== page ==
My immediate question here: why would I want to list an item here, when I get a bigger buying audience over at eBay, Amazon Associates etc, which would push the price up? Why are Deaf people any different in this respect, and what are the advantages of using this site to a mainstream one? The only thing I can think of, is selling specialist products or reaching out to a niche market. Auctions for general stuff, I can't see how it benefits me?

Courses, aka Sell and Learn:
You can get paid to upload course materials online. Exactly how much is unclear, and my guess payment will link into the quality of materials and demand. However, should you wish to follow a course online, you need to pay. This is not immediately obvious and I get this information from the terms and conditions which talks about refund for courses should one be cancelled.

My immediate response to this is around online learning. In a society where online content is not freely accessible, and hearing people are able to either (a) access free sites, or (b) access LSC supported sites where discounts are available should one be on benefits, it kind of capitalises on inequality. However, how much different is this to private companies offering courses? Deaf people need to ask themselves this question, and sufficient discussion needs to take place.

Social Network site, aka VeeSee Community:
Deaf people in the UK hang out on Bebo these days. To build a social network, it takes a lot of effort and where is the attraction to register? There appears to be no open source API in use, thus your own data locked in and not able to be transferred to another social network site. There needs the ability to insert widgets or content from say Flickr, YouTube.

"Hosted vlogs" aka VeeSee TV:
Signed TV with subtitles, or so it states on the website somewhere. This appears to be subscription based after one month. Actually I'm very confused about this, as there is this (when I looked appeared to be a lot of talking and no access) and a pop up box (that doesn't execute in Firefox) that is accessed from the top navigation bar, which provides some signed content. So where exactly am I supposed to go?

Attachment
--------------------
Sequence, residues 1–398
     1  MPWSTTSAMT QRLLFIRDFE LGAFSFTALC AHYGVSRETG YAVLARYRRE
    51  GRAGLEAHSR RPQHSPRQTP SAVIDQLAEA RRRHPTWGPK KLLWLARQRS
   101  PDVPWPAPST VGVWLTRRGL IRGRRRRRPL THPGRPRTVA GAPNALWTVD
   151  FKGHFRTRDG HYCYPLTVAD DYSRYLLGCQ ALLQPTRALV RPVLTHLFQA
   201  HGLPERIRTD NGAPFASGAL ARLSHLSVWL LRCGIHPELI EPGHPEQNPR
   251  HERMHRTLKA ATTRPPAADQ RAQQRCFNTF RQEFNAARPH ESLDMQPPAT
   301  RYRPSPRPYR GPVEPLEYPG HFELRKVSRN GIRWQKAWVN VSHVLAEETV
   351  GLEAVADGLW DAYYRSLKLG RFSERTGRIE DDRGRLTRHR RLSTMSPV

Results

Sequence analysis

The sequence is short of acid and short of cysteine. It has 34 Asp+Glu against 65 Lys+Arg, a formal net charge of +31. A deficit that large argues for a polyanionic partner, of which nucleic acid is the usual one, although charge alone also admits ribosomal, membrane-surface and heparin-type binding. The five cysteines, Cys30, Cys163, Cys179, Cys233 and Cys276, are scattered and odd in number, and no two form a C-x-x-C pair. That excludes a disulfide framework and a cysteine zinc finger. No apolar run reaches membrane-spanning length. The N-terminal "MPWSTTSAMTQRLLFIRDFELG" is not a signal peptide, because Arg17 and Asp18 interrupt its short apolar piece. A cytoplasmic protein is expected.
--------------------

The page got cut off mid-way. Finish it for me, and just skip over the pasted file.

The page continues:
Why can't this material be placed on free sites? Where is the encouragement of vlogs? Is video online really TV? If its bandwidth that's justifying the fee, why not host videos at third party sites?

Information aka VeeSee EyeBytes:
From its title, it suggests easily digestible information. Only its not. Where's the formatting of the paragraphs, my eyes just glazed over. Secondly, where is the BSL content? Where there is a 'National Calendar'? Its just blank this end, and there's no RSS. How would this be different from other sites that already provide the same?

Chat and Discuss:
This feature hasn't been launched yet, only its "Coming Soon", therefore I cannot comment. Its not in the interests of any site to launch with pages missing. If the content is not there people are not going to go back.

Some other comments:

Who's advising you? This site is already in danger of falling flat on its face.

Patronising: The first newsletter (PDF file) says "... and never have to feel alone or isolated again". That by itself makes me never want to visit again, and boycott it. What doesn't already exist on the net already that doesn't allow me to interact with other people? There are other examples on the site that makes me ask this.

Paternalistic: In an age where blogging and vlogs are gaining steady ground, why is an interpreter setting up this site and people send in their videos, and moreover payment has to be made to access this? Why can't people just upload videos to YouTube? Where is the empowerment to allow Deaf people to create and own their own content? Own pages on another site really doesn't do it. Whist there might be every good intention here, it fails to really get its aim. Content has to be decentralised. My other question around centralised content, and locked in data is around how money is made in that manner. The same questions could be asked of mainstream hosted sites though.

Lack of accessibility to the Deaf Community: For a website that wants to exist around the Deaf community, there is very little or nothing by way of BSL navigation or dissemination of information. The terms and conditions contain words such as: circumvent, perpetual, irrevocable, proprietary, "Verified Rights Owner program" (USA spelling).

Long sentences such as this one, "Without limiting other remedies, we may limit, suspend, or terminate our service and user accounts, prohibit access to our website, remove hosted content, and take technical and legal steps to keep users off the Websites if we think that they are creating problems, possible legal liabilities, or acting inconsistently with the letter or spirit of our policies. We also reserve the right to cancel unconfirmed accounts."